2/02/2016

Fast, easy and painless piecing

(I combined  previous posts into this one.) I know many people love piecing blocks but for me it is a tedious chore at  best.  So whenever I am doing a batch I do a couple extra.  Since I have the whole mess out, it not that hard to do a couple more.  I keep a bag of the extras and sometimes I use them when I join a round robin or give them to a student to get them going...  I just want to get the blocks done as soon as I'm able and get to the fun part...

I've tried the Martha Green's crumb method,  Allie's curve method, and Judith Montano method's of piecing.  But I always go back to just paper piecing and mostly use the same pattern over and over... This time  I'm using  Sharon Boggin's block pattern - #28.  This means every single block is #28.  Once you rotate the blocks and embellish, no one ever notices that they are all the same pattern...  Believe me!!!! I  enlarged it a bit so I will have an 8" square block when done.  If want some advice on choosing a paper pattern I posted some here.

I don't even pay any attention to what colors are going to go where on a block when cutting.  Once I have my pile of fabrics I just start stacking and cutting at random ... trying to get as many different fabrics per patch as possible...  Then I will sorta deal them out at random, making any necessary adjustments.  Of course this works the best when you have a large selection of fabric like I did this time..

 

If you did a good job gathering fabrics which  are harmonious, it is nearly impossible to mess up from that point on.  If you look at your fabrics in a pile and like them, toss them around and still like them, they are going to look good on a block no matter what you do... This the "pile test".  I do this with trims with students even before they pick fabric because it you assemble a pile of trims that work together, you can work backwards and pick the fabric last..

Now I had several choices.. I could make blocks one each month, or in smaller batches or do all 12 at once.  Doing them all at once will give you a more consistent look if you plan to use them together.. I chose all at once because piecing is not my favorite and I wanted it over with.  Here is how I go about it.

Stach &  Wack:  I just stack random fabrics from the pile five at a time and cut.    Because I  am piecing 14 blocks I cut 14 assorted  fabric of each pattern piece.. no plan.   You can see the pile of patches on the left. I put up two card tables and laid out 14 squares of card stock paper.
Note: the card stock sheets act as a tray









Then I took a pile of each pattern piece and just randomly put it on a square in the right position. Trying not to put two of the same fabric adjacent to each other.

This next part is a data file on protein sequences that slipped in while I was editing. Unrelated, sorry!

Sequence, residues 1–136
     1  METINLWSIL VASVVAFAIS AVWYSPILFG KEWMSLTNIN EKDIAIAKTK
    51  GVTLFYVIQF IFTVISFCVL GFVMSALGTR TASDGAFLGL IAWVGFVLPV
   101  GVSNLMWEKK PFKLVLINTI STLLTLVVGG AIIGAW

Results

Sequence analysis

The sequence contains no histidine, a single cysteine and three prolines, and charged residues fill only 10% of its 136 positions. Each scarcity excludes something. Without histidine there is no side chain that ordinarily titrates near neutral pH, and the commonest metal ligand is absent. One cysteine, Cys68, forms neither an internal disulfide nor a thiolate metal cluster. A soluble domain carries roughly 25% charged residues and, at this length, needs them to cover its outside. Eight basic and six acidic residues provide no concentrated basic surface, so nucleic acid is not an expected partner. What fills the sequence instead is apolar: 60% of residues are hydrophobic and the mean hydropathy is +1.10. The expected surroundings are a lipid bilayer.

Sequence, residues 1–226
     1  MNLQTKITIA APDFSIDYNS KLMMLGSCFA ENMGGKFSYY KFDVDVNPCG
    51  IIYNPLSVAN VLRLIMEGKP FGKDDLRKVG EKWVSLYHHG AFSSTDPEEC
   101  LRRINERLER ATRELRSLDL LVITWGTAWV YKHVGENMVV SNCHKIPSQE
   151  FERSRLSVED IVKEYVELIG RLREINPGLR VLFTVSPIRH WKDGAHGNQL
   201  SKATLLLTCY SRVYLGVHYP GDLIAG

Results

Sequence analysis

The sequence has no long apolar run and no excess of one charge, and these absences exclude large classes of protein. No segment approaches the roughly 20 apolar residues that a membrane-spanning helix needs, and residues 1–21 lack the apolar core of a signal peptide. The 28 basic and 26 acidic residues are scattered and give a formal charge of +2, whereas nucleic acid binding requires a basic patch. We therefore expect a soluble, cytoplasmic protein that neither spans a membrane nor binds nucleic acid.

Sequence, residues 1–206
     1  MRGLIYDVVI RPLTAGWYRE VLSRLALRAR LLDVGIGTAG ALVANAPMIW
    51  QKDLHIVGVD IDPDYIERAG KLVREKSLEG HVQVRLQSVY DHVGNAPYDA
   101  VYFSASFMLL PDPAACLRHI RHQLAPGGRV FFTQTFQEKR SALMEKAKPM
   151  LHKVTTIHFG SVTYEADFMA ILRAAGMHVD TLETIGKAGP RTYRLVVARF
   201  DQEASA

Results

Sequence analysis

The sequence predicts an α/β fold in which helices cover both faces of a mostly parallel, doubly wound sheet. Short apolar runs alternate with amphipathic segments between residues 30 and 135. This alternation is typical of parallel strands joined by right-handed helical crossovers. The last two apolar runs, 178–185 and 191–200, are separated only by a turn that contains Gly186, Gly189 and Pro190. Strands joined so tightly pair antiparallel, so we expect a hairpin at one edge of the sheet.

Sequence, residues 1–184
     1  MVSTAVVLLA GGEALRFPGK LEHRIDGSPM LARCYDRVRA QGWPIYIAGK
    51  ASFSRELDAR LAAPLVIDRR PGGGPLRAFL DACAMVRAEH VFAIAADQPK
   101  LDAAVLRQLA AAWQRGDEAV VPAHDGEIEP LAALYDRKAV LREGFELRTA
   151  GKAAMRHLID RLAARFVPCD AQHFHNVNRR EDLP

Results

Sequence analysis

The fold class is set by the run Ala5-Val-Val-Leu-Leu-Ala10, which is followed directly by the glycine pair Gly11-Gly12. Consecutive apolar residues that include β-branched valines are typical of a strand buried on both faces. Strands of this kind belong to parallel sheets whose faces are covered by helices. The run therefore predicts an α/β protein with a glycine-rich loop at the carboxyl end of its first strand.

Until I had them all out... Then I stepped back and tweeked a few here and there.  I try to balance out color, value, and patterns at this point...I'm not too fussy.  I had a lot of   patches from paisley ties and I wanted some on each block..  This goes VERY fast because I try to not overthink this at this point...  Any goofs I make at this point can be dealt with when I start embellishing.

The pieces of card stock act like trays and I can just pile them up and head to the sewing machine.




I set a small folding table (old TV tray table) next to the sewing machine, put a towel and my little travel steam iron on it so I can press  seams without getting up.  And off I go with the pieces already on the paper trays  next to the machine.  I stitch all the 1s and 2s,, press...add all 3s press and so on












Within no time I have them 14 done.
Although I pressed seams as I went along, at this point they need a good press and put on a foundation but the piecing is done for the entire year..




These are very rich blocks in this winter pastel palette.  Lots of silk, taffetas, and velvets. Most of the silk patterned patches are from a day we hit a thrift store with an overstock of ties that were only 49 cents a piece.













7 comments:

Renee said...

Gerry, what a great way to finish the tedious work of piecing! I have always pieced my blocks directly onto the foundation. You mentioned these still need a foundation. Do you sew your blocks to the foundation after they are pieced? If so, do you just stitch along the outer seam lines and use the embroidery to hold the rest in place? (I love learning different methods.)

Marilyn said...

If I'm in the right frame of mind, I like piecing blocks. If I *have* to do it, not so much. And I like to get all the blocks for a project pieced before I start stitching too. Not quite as organized as you are though :)

Mary Ann said...

I've tried other methods but I like paper piecing. Don't know why...just do :)

margaret said...

this sounds a good way to make the bock, still not started mine this year but think will check over at pintangle and use one of Sharon`s.

Quayceetatter said...

I just stated a baby quilt and used the paper piecing method. It is faster and saves material. I have used all the other methods but this is the fastest. Thanks for posting the steps.

Marlynne said...

Very interesting and helpful blog Gerry! I'm going to try your #28 block pattern!

Magpie's Mumblings said...

This sounds like a fun way to piece and I'll have to give it a try. I was interested to see that you use the same pattern for each block and yet they all end up looking so different. Great concept!

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